The disturbance in Criterion A is not accounted for solely by developmental delay (as in Mental Retardation) and does not meet criteria for a Pervasive Developmental Disorder. C. Pathogenic care as evidenced by at least one of the following:  (1)       Persistent disregard of the child’s basic emotional needs for comfort, stimulation, and affection (2)       Persistent disregard of the child’s basic physical needs 3)       Repeated changes of primary caregiver that prevent formation of stable attachments (e. g. , frequent changes in foster care) D. There is a presumption that the care in Criterion C is responsible for disturbed behavior in Criterion A (e. g. , the disturbances in Criteria A began following the pathogenic care in Criterion C). Specify type: Inhibited Type: if Criterion A1 predominates in the clinical presentation Disinhibited Type: if Criterion A2 predominates in the clinical presentation (p. 130)

The Mayo Clinic (2009) goes on to further describe the types of reactive attachment disorder as the inhibited type refuses relationships with anyone and everyone while the disinhibited type seeks attention from anyone and everyone, including strangers. Attachment disorders can fall on a spectrum of mild, insecure attachments to severe, known as reactive attachment disorder (Kemp, Smith 2010). Wood (2005) describes the two types of reactive attachment disorder as the inhibited type being emotionally withdrawn and the disinhibited type as being overly sociable.

Upon further research, Smith (2010) reports that there is an attachment disorder spectrum and identifies the following four categories of an attachment disorder: * Anxious Attachment Disorder – the child displays anxiety in connection to fear of abandonment: the child can be superficially charming; have high reports of lying; work to “manage” the adult * Avoidant Attachment Disorder – generally passive-aggressive; avoid physical contact; will typically say they have friends but do not socially respond to others Ambivalent Attachment Disorder – generally display anger and rage; show interest in fire, death and animal cruelty; incapable of giving affection; oppositional and demanding; * Neurologically Disorganized Attachment Disorder – behaviorally disorganized and unrelated to situation; unorganized thinking; unmanageable anxiety; attachment secondary to neurological factor Etiology The causes of attachment disorders widely varied and there are most often multiple contributing factors when the attachment process does not develop in a healthy manner (Smith, 2006).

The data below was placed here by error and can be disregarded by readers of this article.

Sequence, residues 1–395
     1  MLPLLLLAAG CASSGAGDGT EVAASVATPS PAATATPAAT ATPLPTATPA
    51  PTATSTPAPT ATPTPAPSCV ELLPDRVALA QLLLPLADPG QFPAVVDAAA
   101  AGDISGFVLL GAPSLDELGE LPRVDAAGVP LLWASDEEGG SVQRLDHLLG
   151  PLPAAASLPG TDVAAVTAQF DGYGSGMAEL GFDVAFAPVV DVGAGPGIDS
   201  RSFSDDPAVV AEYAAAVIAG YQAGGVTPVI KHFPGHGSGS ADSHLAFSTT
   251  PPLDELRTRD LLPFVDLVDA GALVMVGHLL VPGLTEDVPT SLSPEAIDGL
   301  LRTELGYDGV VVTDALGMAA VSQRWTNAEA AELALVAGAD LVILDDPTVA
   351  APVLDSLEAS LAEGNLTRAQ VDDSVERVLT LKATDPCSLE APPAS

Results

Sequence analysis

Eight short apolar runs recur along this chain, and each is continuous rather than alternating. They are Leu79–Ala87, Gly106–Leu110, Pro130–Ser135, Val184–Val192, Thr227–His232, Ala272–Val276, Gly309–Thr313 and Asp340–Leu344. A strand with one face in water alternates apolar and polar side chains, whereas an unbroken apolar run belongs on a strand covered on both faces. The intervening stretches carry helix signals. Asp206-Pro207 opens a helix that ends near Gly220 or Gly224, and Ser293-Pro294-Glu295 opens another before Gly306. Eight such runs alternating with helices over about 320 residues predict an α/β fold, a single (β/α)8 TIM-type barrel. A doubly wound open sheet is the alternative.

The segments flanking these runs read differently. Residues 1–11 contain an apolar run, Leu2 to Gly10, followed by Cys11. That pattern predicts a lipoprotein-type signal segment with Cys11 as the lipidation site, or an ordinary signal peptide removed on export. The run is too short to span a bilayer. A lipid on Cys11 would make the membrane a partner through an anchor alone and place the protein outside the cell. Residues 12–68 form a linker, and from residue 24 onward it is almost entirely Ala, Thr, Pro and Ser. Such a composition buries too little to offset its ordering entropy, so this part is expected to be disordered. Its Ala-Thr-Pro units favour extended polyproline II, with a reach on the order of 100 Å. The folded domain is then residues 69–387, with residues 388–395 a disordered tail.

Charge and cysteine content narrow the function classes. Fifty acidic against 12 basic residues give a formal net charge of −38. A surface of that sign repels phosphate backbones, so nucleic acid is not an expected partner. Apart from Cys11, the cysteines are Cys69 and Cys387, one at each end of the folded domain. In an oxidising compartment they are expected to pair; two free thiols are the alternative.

Although the majority of attachment disorders are typically found in foster homes and in adoptions, the number of diagnosis’ in biological families is increasing (Smith, 2006). Parents of children with reactive attachment disorder have a disregard of the child’s basic emotional and physical needs (American Psychiatric Association, 2000). Infants and children that are most likely to be affected by reactive attachment disorder “come from abusive families or were raised in foster care or orphanages” (Wood, 2005).

This is because these children lack the stability of a consistent care giver and therefore the ability to establish a secure, loving attachment during infancy and early childhood (Wood, 2005). Children suffering from reactive attachment disorder do not have their basic emotional and physical needs met as an infant or young child; these needs are not met with a shared emotional exchange; the needs of the child are often ignored or are met with physical and/or emotional abuse (Mayo Clinic, 2009).

If the needs of the child are not appropriately met, the child will become distrustful of the caregiver and will avoid interactions with the caregiver (Mayo Clinic, 2009). The attachment disorder site goes on to identify additional potential causes of reactive attachment disorder as neglect, abuse, separation from the primary caregiver, changes in the primary caregiver, frequent moves and/or placements, traumatic experiences, maternal depression, maternal addiction – drugs or alcohol, undiagnosed, painful illness such as colic, ear infections, etc. , lack of attunement between mother and child, and young or nexperienced mother with poor parenting skills. Situations that may increase the likelihood of a diagnosis of reactive attachment disorder include living in an orphanage, institutional care, frequent foster care placements, extreme poverty, abuse and family trauma (death, disease) (Mayo Clinic, 2009). Symptoms Kemp & Smith, 2010, identify common signs and symptoms of reactive attachment disorder as, an aversion to touch and physical affection, control issues, anger problems, difficulty showing genuine care and affection, and an underdeveloped conscience.